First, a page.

Folks skeptical of the claims of Christianity, or preceding that, Judaism, complain that it seems unsupportable to them that God would be so unfair as to select one people to reveal Himself too. It just feels wrong, as if millions of others are being condemned to a horrible eternal fate for no reason that can be considered remotely fair.
Christians of the soul-winning persuasion have encouraged this line of thinking, for the good reason of encouraging each other to evangelism in difficult, dangerous, and discouraging places, but mostly to the detriment of of evangelism in general. At least, in the last century people in the west have claimed it is an obstacle to their embracing belief - it may just be a good rationalisation to hand. Yet rationalisations are at least rational and deserve an answer, even if they are secretly not the real reason.
I recommend to such people some of the writings of CS Lewis, especially in God In The Dock. In brief, his claim is that God revealed some of Himself, even much of Himself, to the other peoples of the world as well, as St Paul also hints. They are not 100% wrong. Indeed, it would be hard to be 100% wrong about anything in eternal truth - even the demons believe in one God, and tremble. (Epistle of James). As a metaphor, God gave all the peoples of the earth pictures. To the Jews he allowed no pictures, but He gave them the captions.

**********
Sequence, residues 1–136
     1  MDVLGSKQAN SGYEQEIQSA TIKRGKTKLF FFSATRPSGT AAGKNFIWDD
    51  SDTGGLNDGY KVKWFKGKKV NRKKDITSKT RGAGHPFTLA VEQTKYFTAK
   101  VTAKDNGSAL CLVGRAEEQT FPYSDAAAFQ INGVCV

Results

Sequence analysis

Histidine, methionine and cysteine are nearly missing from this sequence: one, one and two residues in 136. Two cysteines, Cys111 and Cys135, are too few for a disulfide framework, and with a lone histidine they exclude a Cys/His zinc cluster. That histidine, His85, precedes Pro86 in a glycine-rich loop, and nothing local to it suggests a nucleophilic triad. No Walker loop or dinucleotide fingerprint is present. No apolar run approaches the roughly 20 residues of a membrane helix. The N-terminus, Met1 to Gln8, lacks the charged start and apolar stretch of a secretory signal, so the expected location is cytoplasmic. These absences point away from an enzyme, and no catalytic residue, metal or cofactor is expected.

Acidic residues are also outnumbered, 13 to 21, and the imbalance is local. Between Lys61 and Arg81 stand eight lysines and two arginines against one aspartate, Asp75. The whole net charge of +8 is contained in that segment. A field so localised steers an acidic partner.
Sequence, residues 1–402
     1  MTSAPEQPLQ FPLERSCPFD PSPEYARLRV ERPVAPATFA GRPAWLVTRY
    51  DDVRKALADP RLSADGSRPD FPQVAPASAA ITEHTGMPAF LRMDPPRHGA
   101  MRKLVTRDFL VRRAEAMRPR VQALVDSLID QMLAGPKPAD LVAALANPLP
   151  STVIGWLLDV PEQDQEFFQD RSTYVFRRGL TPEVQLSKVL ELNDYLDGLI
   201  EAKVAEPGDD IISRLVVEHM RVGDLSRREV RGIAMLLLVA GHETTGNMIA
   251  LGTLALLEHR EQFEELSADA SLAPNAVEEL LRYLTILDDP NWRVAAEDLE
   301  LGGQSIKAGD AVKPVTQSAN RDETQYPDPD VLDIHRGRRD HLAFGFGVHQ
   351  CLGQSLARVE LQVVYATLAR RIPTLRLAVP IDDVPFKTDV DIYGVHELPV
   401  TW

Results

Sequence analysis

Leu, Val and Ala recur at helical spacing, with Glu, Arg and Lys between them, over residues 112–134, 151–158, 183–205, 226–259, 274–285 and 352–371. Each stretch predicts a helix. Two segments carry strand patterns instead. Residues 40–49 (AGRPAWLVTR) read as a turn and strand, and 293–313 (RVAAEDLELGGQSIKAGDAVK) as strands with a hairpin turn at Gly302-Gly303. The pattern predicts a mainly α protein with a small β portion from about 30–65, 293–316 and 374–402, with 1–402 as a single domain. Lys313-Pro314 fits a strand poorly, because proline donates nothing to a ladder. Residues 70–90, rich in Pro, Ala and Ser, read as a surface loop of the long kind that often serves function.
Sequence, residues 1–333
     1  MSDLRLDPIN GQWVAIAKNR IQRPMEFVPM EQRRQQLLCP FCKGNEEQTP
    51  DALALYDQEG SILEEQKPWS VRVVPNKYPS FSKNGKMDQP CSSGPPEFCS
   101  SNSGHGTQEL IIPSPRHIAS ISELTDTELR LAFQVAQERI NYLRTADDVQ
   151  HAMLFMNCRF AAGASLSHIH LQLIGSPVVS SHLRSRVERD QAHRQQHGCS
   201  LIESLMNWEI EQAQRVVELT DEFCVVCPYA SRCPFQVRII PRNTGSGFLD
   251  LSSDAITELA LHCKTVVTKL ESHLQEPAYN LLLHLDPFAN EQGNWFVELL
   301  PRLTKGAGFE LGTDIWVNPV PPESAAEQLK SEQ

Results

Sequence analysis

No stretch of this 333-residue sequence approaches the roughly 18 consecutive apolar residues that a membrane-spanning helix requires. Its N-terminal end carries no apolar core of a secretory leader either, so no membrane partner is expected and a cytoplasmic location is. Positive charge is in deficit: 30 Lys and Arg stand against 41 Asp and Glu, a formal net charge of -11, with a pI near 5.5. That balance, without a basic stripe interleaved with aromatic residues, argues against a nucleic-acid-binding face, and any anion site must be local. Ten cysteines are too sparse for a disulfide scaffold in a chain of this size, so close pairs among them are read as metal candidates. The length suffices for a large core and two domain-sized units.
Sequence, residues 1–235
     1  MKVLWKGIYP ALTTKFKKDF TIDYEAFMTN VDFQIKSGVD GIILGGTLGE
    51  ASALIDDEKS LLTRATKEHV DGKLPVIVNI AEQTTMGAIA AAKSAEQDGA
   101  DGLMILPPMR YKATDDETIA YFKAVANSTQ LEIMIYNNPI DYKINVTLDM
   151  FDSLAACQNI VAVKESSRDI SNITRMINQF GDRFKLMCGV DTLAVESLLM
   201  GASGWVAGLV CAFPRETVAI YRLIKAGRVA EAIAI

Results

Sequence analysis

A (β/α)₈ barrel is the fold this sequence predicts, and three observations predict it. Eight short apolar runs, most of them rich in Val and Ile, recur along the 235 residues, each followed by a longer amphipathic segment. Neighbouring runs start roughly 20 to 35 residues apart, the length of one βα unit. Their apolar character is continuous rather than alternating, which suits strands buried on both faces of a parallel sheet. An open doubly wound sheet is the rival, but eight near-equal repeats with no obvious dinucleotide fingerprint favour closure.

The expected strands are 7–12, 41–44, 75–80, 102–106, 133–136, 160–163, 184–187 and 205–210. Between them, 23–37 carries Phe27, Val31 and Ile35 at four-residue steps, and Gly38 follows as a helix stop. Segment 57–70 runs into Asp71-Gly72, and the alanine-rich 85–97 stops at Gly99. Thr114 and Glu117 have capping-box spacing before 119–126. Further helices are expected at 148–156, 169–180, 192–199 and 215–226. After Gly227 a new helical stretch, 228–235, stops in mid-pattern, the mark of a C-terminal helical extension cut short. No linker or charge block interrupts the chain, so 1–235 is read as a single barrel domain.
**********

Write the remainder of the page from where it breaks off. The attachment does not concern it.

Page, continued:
But I have a greater complaint of the skeptics. The adherents of other religions do not object to this claim of exclusivity anywhere near so much. They agree with it, in a sense, except that they believe their beliefs are the exclusively correct ones. Even the supposedly flexible areas, such as China with its Confucian/Daoist/Buddhist mix has the core belief that this very flexibility, whether one calls it fuzziness or accommodation, is itself the key factor. And socially insisting on such is quite an interesting dogma, when one comes to it.
The main group of people who object to this claim of exclusivity, and are quite sure that their more modern understanding is superior, are northwest Europeans or their descendants, living in the last 100 years, who value skepticism and doubt and are proud of taking religious matters on personal experience rather than from authority, and have left the Jewish or Christian faith of their parents.
That seems an even narrower group for a Chosen People, I think.